§ Mr. Bevin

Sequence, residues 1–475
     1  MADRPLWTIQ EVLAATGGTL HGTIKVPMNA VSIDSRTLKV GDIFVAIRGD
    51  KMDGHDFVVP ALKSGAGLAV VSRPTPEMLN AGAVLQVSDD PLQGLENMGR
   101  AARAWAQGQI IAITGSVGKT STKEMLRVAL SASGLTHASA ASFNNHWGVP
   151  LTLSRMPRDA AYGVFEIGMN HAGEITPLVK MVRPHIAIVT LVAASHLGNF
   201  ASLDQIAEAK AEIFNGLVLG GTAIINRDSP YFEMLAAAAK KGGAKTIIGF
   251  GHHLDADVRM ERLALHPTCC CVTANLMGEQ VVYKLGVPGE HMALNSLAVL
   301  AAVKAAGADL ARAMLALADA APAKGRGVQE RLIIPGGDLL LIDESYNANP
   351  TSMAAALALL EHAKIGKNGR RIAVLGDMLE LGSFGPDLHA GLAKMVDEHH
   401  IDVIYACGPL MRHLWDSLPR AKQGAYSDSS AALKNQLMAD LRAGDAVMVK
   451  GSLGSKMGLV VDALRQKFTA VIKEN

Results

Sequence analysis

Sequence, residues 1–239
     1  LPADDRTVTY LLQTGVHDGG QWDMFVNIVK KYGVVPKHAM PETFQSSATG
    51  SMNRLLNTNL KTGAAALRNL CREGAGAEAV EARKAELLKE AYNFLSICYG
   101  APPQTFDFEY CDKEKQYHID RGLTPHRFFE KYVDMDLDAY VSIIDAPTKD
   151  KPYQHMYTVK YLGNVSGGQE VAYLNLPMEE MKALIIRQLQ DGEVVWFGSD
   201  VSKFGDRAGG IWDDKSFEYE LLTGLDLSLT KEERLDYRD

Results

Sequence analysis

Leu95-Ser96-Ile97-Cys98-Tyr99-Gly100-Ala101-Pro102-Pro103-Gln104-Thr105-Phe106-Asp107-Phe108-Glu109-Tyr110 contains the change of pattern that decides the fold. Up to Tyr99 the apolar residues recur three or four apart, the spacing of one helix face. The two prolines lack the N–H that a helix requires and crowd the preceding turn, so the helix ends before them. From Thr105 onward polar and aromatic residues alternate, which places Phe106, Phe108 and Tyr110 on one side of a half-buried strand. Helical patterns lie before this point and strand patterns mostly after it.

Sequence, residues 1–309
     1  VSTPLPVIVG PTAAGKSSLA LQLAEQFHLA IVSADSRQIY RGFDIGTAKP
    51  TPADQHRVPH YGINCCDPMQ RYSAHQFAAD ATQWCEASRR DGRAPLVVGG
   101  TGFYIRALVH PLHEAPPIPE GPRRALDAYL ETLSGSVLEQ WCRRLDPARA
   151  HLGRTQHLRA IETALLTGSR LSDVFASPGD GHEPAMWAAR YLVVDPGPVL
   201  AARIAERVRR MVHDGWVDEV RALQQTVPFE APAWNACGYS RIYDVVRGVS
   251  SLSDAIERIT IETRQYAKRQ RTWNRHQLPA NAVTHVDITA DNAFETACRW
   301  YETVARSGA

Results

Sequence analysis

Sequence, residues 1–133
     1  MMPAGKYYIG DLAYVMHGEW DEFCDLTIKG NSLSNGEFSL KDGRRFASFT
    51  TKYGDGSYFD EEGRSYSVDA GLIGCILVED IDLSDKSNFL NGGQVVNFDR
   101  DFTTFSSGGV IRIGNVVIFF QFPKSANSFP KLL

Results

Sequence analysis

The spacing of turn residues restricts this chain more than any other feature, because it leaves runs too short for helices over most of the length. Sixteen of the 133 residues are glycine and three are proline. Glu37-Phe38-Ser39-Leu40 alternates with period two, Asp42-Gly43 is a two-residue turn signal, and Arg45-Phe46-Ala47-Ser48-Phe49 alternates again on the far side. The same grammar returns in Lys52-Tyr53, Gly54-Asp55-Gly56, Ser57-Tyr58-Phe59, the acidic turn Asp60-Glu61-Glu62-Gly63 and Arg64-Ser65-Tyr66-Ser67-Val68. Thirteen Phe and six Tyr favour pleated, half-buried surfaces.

I am indebted to the right hon. Member for giving me the opportunity of informing the House on the subject. The House will remember that the question of Persia was discussed at Potsdam, and that an arrangement was made for the immediate withdrawal of Allied forces from Tehran. The British withdrawal under this arrangement has now been almost completed, and M. Molotov has assured me that the decision regarding the withdrawal of troops from Tehran has been put into effect from the Soviet side. It was also agreed at Potsdam that the question of further stages in the withdrawal of Allied troops from Persia should be discussed at the first meeting of the Council of Foreign Ministers. Since Potsdam, of course, the position has been changed by the ending of the Japanese war, which automatically brings into effect the provision of the Anglo-Soviet-Persian treaty that British and Soviet troops will complete their withdrawal from Persia within six months of the end of hostilities.